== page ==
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Karim Basrire : "The moroccan diaspora is a factor for economic integration between Africa and Europe."


Questioned at the occasion of Hub Africa (Casablanca, 2nd and 3rd May, 2018), secretary-general of the association Maroc Entrepreneurs Karim Basrire sees the diaspora of Moroccan entrepreneurs as the real link between Europe and Africa, via the Mediterranean. Version française



Karim Basrire : "The moroccan diaspora is a factor for economic integration between Africa and Europe."

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Karim Basrire will be present at the Forum des diasporas africaines organized by Ipemed (photo: F.Dubessy)
Karim Basrire will be present at the Forum des diasporas africaines organized by Ipemed (photo: F.Dubessy)
Econostrum.info: What do you think of the current view that has the Mediterranean as a hub between Africa and Europe?
 
Karim Basrire: It's a recurring topic. At Maroc Entrepreneurs, we assist project carriers from within the Moroccan diaspora who want to set up a business in Morocco through the "Tremplin Maroc" scheme.
We recently celebrated the programme's tenth anniversary. We've noticed that it interests those with a certain number of years' experience in Europe and who, after ten, fifteen or even twenty years of continual coming and going between north and south, are starting to look at the opportunities available in their home country.

Maroc Entrepreneurs provides pre-support in France to prepare them in developing their project. Several have been completed in the two countries on the principle of co-location. Moroccan businesspersons in France are looking to share the value chain through a partnership with Morocco that makes them more competitive in penetrating both the European and African markets. The link that exists between France, gateway to Europe, and Morocco, gateway to Africa, thanks to these bi-cultural backgrounds –which I call hybrid, since they manage to understand both ways of doing things- has produced some wonderful success stories.

People with projects is better than people with ideas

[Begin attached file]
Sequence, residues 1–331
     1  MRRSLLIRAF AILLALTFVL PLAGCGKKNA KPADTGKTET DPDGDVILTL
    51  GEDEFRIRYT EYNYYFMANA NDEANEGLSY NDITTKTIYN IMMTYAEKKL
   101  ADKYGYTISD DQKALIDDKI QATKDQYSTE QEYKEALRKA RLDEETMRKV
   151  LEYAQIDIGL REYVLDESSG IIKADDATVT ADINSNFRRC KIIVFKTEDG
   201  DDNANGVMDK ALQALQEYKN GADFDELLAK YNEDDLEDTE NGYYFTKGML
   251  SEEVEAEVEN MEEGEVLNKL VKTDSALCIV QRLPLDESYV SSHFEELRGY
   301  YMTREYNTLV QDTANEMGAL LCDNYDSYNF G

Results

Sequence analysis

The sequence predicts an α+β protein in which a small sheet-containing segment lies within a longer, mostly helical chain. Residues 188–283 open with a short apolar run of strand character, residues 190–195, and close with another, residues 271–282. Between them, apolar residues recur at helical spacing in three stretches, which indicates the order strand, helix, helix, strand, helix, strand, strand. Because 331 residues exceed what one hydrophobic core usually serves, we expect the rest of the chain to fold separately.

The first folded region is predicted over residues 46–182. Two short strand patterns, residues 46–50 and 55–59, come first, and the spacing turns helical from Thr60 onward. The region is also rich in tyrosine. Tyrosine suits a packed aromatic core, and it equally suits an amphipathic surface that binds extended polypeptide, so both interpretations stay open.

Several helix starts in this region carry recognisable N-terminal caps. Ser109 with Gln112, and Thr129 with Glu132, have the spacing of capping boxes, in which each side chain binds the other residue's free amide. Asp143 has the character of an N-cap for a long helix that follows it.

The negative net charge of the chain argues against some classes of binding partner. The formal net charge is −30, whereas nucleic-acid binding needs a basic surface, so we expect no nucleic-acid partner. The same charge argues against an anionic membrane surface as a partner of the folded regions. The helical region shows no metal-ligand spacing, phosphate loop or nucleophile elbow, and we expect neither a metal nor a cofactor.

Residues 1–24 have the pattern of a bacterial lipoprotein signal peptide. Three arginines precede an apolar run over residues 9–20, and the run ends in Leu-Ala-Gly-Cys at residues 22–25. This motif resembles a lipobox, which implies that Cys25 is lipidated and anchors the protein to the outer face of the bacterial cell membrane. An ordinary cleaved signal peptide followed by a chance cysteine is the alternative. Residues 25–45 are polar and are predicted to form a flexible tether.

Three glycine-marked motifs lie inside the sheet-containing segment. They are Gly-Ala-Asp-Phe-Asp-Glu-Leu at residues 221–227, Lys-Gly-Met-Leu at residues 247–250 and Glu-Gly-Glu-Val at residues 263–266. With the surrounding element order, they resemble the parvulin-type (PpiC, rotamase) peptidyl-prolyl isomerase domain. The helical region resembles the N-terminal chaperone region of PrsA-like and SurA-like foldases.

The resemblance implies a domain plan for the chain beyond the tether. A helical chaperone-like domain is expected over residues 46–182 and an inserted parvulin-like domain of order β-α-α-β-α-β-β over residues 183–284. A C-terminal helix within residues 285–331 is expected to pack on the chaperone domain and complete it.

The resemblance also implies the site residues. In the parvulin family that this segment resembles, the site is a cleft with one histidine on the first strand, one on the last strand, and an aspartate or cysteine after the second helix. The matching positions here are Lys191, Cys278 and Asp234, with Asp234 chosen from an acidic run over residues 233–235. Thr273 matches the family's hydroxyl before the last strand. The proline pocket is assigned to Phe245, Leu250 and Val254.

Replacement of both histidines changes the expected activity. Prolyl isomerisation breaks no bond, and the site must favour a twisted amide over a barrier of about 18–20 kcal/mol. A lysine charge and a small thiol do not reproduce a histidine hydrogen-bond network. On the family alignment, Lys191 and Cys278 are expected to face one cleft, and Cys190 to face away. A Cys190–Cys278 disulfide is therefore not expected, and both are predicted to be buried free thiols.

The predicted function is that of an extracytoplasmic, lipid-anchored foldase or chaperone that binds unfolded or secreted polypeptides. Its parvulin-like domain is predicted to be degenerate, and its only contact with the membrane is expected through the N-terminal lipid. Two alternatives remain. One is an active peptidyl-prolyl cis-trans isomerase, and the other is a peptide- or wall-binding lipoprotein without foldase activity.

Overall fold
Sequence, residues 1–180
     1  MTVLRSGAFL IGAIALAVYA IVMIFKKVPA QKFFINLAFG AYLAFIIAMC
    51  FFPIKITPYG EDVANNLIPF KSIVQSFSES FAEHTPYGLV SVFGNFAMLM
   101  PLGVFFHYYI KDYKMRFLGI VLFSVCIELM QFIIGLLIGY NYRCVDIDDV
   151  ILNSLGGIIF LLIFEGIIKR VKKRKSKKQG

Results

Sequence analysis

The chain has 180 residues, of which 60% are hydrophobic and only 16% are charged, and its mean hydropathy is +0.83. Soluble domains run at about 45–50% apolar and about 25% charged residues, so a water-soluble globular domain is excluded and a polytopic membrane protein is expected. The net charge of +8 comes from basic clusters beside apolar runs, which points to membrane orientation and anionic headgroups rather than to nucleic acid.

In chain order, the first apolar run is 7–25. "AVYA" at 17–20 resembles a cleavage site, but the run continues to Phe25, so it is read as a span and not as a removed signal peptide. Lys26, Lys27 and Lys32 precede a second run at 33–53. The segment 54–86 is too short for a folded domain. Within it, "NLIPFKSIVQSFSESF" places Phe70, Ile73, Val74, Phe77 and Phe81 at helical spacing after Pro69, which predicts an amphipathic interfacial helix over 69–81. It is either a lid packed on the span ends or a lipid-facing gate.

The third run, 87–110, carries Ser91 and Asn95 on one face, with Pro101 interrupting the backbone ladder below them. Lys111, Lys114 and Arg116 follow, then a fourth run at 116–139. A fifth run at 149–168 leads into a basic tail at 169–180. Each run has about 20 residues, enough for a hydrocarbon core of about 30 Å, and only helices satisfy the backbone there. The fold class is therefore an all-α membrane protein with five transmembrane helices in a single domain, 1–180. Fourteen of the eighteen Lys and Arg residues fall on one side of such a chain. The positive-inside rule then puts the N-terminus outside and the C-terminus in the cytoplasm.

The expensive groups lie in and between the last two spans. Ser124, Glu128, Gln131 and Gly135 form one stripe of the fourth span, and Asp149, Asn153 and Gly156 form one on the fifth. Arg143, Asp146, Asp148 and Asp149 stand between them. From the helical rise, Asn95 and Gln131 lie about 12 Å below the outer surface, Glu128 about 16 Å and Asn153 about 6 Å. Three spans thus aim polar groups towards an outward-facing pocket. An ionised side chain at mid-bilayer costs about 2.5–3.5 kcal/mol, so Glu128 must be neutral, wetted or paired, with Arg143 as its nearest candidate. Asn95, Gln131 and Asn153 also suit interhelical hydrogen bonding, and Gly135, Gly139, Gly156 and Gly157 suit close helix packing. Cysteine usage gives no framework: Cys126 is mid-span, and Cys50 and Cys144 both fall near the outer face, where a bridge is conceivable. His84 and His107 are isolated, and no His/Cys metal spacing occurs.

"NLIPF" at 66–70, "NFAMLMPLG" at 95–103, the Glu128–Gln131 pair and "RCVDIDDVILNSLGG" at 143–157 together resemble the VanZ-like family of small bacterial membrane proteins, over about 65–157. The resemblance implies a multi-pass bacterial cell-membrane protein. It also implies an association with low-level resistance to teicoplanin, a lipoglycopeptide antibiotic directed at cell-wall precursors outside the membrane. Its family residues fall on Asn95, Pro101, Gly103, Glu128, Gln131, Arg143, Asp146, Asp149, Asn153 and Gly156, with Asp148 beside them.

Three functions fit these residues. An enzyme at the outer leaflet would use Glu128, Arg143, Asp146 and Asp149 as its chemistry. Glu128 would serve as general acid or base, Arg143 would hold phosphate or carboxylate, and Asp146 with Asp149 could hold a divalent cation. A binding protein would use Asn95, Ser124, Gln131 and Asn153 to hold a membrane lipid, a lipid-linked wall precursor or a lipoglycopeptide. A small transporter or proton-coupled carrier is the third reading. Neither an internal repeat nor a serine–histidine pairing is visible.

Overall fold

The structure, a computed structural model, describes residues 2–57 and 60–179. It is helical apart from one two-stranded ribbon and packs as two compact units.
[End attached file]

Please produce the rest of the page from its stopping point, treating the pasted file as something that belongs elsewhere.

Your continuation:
And it works both ways?
 
K.B.: We have both Moroccans on the French side who have set up subsidiaries in Morocco and Moroccans who have founded businesses in France after graduation. You don't hear much about it, but yes it does work both ways. Of course, not at the same level, but we hope this is going to increase over the coming years.

In a way, the diaspora is a factor for economic integration between Africa and Europe. The Mediterranean acts as a genuine bridge between the two continents and the two shores.

What's needed to give it a boost? Where are the barriers?

K.B.: Why haven't we more results? It's true, it's a question often asked. Perhaps there are some more concrete concepts that need to be put in place. For example, the principle of mentoring with coaches both sides of the Mediterranean to help the projects carriers, accompany them, provide introductions, give them some tips to speed up the projects' implementation... Developing mentoring could really break down all these barriers.

We could also mention administrative problems, but what's needed above all isn't people with ideas, but people with projects. There's a lot of work to be done in field on education for concrete things to happen. Going from idea to the project stage remains a potentially long process that requires patience as well as perseverance.

Interviewed by Frédéric Dubessy, in Casablanca


Friday, May 18th 2018



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